Moreover, the type of academic and moral support that students receive from teachers is critical (Croninger and Lee, cited in Shanker 2014; Hamre and Pianta, cited in Shanker 2014; Baker, cited in Shanker 2014; Bernstein-Yamashiro, cited in Shanker 2014). Whether consciously or unconsciously, teachers affect their students on an emotional level. A teacher's constructive feedback is a constant source of social-emotional development, and the teacher’s own emotional state can profoundly influence that of their students, a phenomenon known as 'limbic resonance' (Goleman, cited in Shanker 2014). This means that teachers, not external specialists, are best positioned to foster the development of emotional and social skills (Shanker, 2014). Therefore, teachers must ensure students develop these skills and must assist and support them in managing their emotions. Given the magnitude of the task, we recommend the teacher use children's literature to work on emotional and academic skills simultaneously. This will allow the teacher to follow the curriculum through reading and planned activities while showing students that their emotions, feelings and experiences are important, all in a safe learning environment. Emotional skills can be developed through different teaching strategies such as enhanced interactive reading. By setting emotional and educational goals for each reading, the teacher gets the best of both worlds. For added support in this process, work collaboratively with other school contributors (special education teachers, psychologists, research specialists, speech therapists, librarians, etc.). Keeping these colleagues up to date with the work done in the classroom will create a consistent and caring community around students.
Children's literature for socio-emotional learning
As mentioned above, the student-teacher relationship is very important. It plays a key role in ensuring a student's availability and openness to learning, especially if the student has an LD and/or an emotional issue. To promote learning and discussions, teachers can use literature and highlight the emotions felt by the characters. It is easier for students to identify a character’s emotions rather than their own. Reading allows them to live out and reflect on the experiences of literary characters. However, the interactions that take place in your students’ lives, in classrooms, hallways, the schoolyard and the cafeteria are what matter most. The life experiences these interactions provide (rivalries, alliances, shared interests, teamwork, etc.) lay the foundation for success and happiness in adult life (Denham et al., cited in Shanker 2014). This is why it is important to apply the lessons learned from the readings in meaningful contexts on a daily basis. When selecting a book, choose one in which the character feels an emotion and must learn to manage it (see list of recommendations below). All emotions are equally important and should be felt, but students need to learn to manage emotions so that they do not impact academic performance or the classroom climate. Even the most negative emotions, such as frustration and anger can be seen in a positive light, like when they serve to motivate a determined student.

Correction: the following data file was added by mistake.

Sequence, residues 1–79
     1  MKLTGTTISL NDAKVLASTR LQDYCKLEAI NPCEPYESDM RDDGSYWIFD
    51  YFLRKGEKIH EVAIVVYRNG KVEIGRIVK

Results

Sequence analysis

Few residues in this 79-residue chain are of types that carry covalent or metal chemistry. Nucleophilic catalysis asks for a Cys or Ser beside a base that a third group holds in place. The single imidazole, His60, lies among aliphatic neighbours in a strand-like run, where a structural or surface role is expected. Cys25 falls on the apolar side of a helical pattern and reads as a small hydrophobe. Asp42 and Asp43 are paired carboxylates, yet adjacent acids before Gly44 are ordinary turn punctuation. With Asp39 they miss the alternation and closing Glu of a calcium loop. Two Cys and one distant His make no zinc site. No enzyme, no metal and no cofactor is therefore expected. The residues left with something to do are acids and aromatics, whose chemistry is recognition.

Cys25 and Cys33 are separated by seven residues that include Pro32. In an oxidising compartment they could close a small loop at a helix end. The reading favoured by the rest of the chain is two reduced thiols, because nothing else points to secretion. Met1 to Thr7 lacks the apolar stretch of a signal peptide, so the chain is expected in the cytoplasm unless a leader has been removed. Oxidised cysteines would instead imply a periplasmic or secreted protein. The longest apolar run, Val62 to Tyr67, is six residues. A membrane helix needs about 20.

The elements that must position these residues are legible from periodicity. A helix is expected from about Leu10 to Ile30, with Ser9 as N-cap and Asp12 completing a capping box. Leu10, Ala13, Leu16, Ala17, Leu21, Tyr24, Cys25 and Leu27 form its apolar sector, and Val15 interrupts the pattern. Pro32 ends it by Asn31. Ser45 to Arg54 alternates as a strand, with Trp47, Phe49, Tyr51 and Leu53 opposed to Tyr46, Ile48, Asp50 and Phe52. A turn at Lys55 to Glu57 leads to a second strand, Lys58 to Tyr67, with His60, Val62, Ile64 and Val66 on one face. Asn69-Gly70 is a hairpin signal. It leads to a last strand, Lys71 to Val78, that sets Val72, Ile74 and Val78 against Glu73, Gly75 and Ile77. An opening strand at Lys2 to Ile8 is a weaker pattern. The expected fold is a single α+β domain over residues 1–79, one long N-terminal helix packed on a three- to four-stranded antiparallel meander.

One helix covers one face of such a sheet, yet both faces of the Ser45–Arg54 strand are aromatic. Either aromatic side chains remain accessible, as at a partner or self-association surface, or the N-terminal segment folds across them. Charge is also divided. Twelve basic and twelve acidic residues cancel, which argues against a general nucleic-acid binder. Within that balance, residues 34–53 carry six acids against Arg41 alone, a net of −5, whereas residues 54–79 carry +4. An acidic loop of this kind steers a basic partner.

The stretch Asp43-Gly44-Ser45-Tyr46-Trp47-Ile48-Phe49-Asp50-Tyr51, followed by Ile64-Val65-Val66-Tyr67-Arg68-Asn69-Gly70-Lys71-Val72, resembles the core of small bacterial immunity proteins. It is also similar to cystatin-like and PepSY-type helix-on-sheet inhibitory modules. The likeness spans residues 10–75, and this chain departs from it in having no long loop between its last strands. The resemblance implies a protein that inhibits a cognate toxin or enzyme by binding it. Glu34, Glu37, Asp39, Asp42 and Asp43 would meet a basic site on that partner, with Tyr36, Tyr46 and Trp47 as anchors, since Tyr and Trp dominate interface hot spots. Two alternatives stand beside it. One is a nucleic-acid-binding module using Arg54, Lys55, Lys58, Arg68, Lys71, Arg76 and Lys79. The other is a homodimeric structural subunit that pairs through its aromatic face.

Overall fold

To achieve the intended result, the teacher must properly prepare the activity.
Important steps during reading activities:
- Select a book according to which emotion will be focused on (e.g. fear) or a need identified in class (e.g. having the confidence to try new things).
- Determine the emotional and educational goals.
- Create a healthy climate of exchange to facilitate discussion.
- Read the book and ask the students questions.
- Create a reference system (e.g. common vocabulary, visual representations of emotions etc.).